A white-hot start to 2012 may have briefly convinced fans otherwise, but baseball is just too fickle of a game for any team to make it through an entire season without having a night where everything simply went wrong.
Of course, Kentucky likely would have preferred it didn't happen against archrival Louisville in front of the season's largest crowd, but the 12-0 blowout the Wildcats suffered is just a single loss, and a non-conference one at that.
"It was just kind of one of those games where things went their way and they didn't really go ours," A.J. Reed said. "But it's a learning experience really. We haven't had a game like this this year so we got to learn from this."
No UK player better exemplified the Murphy's Law nature of the Cats' first loss outside of Southeastern Conference play in 22 tries than Reed. The big southpaw started the game on the mound in his UK-U of L initiation and he came out firing strikes. He reached two-strike counts on six of the eight batters he faced in the first inning, but the Cardinals fought off tough pitches, punished him for mistakes and benefited from a few seeing-eye singles to grab a 3-0 lead.
He quickly had a chance to rebound in the bottom of the inning as he was batting third in the lineup, and it appeared he might get his team back on track. He stroked a Jared Ruxer pitch deep into center field, but Adam Engel made a leaping catch at the wall to rob him of extra bases and maybe even a home run.
"That first inning, they got a couple hits through the infield and it was just a couple hits off the end of the bat or jam shots and I go out there and hit that," Reed said. "I don't know if it's going to go or not, but it kind of sets how the game's going to be."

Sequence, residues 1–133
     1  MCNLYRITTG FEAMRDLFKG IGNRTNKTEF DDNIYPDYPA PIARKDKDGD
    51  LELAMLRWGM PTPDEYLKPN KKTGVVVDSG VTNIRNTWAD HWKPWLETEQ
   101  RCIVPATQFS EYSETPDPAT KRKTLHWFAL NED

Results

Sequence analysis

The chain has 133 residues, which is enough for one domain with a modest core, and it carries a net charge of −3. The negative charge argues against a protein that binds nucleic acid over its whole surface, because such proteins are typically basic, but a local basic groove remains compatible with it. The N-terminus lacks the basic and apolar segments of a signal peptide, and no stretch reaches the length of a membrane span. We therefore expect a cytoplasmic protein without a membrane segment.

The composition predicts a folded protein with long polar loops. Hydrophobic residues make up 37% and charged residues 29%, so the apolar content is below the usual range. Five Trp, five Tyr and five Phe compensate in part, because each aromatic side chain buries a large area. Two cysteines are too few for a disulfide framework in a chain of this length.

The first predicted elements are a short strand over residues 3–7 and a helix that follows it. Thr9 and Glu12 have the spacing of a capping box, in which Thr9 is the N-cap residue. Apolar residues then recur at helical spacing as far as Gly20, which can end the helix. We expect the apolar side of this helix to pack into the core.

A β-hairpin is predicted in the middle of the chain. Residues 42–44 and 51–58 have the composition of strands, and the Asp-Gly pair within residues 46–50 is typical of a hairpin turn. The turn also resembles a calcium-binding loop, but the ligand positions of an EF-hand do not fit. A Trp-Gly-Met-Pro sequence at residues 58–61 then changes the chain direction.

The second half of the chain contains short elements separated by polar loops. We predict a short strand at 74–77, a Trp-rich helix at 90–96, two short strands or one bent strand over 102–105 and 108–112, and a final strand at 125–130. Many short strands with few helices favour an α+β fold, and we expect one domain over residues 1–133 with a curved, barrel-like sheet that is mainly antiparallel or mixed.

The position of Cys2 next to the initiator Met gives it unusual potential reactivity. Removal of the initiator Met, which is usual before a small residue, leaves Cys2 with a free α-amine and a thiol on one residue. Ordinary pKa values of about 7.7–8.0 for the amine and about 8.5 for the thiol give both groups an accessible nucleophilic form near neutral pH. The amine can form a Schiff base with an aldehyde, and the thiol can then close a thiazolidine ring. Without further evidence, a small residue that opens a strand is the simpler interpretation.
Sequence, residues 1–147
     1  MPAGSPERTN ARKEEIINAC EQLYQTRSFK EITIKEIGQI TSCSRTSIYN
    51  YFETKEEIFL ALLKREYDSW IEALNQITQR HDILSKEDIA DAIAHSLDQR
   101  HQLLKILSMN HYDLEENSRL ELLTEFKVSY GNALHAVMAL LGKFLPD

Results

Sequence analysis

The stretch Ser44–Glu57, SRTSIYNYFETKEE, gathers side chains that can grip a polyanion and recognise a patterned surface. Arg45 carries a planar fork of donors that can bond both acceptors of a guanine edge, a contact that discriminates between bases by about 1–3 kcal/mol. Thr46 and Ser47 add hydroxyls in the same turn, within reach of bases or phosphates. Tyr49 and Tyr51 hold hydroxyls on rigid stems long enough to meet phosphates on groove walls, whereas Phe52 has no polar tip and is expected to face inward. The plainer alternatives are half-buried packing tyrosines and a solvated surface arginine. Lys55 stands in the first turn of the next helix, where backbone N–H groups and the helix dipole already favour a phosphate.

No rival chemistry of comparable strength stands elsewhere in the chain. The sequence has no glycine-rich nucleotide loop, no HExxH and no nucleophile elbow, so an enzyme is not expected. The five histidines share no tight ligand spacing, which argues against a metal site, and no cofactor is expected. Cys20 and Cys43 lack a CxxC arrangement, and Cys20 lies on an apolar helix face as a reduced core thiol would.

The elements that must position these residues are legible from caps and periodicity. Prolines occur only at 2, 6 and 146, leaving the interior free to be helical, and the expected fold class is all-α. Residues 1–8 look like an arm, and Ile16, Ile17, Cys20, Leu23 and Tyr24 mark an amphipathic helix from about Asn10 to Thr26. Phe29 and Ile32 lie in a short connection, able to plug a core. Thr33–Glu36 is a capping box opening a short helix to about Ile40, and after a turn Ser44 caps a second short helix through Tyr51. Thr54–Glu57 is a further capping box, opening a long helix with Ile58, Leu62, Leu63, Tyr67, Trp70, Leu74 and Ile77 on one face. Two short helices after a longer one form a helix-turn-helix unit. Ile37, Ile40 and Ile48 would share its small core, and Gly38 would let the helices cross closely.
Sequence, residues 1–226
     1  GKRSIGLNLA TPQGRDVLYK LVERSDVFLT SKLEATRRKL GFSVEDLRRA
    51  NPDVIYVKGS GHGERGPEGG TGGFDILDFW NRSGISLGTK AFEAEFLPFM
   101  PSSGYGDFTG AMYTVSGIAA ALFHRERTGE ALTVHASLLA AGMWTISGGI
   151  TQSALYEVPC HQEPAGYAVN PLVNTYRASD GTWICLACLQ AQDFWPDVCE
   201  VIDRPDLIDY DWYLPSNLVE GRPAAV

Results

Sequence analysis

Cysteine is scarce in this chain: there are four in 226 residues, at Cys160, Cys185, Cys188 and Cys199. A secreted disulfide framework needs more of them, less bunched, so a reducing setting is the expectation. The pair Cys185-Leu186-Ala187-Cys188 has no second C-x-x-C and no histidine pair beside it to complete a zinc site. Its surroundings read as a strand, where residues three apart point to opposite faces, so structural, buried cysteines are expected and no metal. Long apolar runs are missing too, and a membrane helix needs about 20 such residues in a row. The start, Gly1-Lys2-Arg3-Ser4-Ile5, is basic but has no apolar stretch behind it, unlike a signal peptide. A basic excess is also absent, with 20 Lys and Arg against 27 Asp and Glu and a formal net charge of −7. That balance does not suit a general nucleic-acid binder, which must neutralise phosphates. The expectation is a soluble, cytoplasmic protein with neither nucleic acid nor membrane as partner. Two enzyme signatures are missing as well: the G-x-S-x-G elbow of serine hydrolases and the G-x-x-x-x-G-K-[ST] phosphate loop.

While the play may have set the tone for the game, Reed knows the end result had more to do with the way he and his team played than anything else.
"That's not what made or (broke) the game," Reed said. "We lost 12-0 and you're not going to win if you don't score. Offense was struggling a little bit, but that's alright. You're going to have those games every once in a while."
With the loss in proper perspective, UK goes about the business of finding a balance between learning from the defeat and moving past it.
"You forget about it but you don't forget about it because you want to know how it felt to do this and you want to know what it was like during the game," Reed said. "At the same time, you just want to get past it. You don't want to think about it anymore."
The Cats can't afford to allow any ill effects to spill over into their next outing, because the challenge that awaits them is among the toughest they've faced all season. Kentucky travels to Fayetteville, Ark., for three games against No. 11 Arkansas (24-8, 7-5 SEC). The Razorbacks boast a 20-2 home record on the season and a fearsome weekend rotation. Ryan Stanek and D.J. Baxendale have a combined record of 12-1 and were recently joined in the rotation by Barrett Astin, who has allowed just three earned runs in 32 innings, most of which have come out of the bullpen.
A tough opponent plus the midweek struggles against Louisville will inevitably lead to some concern over whether doubt will seep into the mind of a young team, but the Wildcats remain self-assured.
"We're going to be fine," Reed said. "Our offense will show up this weekend, our pitching will show up this weekend and our defense will show up this weekend. We're not really worried about it, we just had a bad game."
"We'll have a couple good practices and we'll show up in Fayetteville," head coach Gary Henderson said. "Don't worry about that."